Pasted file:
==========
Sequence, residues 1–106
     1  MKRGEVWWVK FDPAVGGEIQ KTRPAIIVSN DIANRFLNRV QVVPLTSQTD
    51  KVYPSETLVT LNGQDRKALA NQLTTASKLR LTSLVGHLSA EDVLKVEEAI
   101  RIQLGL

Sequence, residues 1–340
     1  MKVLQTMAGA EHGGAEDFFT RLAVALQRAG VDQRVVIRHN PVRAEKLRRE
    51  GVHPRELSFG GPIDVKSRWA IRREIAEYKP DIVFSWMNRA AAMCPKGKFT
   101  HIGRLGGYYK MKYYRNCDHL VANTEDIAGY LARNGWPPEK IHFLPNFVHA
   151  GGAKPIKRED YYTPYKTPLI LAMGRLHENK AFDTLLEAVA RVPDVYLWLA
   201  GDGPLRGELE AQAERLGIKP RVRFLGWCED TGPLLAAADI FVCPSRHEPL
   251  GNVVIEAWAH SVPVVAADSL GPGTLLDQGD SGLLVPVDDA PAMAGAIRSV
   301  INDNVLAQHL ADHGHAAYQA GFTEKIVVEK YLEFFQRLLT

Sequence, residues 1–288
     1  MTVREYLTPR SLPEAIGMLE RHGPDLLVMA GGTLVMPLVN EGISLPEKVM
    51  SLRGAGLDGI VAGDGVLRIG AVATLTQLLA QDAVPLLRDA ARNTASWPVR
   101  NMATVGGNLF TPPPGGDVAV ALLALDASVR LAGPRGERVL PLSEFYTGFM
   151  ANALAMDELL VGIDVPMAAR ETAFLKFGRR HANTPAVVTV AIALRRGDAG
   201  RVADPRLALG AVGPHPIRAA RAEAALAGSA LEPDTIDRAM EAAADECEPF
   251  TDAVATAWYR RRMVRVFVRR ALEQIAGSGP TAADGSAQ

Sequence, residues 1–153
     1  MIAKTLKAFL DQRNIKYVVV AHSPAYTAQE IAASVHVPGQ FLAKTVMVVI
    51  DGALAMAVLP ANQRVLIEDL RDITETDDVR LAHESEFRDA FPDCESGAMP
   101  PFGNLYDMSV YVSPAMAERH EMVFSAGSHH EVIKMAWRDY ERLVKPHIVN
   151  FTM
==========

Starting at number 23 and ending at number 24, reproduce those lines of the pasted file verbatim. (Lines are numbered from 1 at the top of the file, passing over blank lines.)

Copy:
   101  PFGNLYDMSV YVSPAMAERH EMVFSAGSHH EVIKMAWRDY ERLVKPHIVN
   151  FTM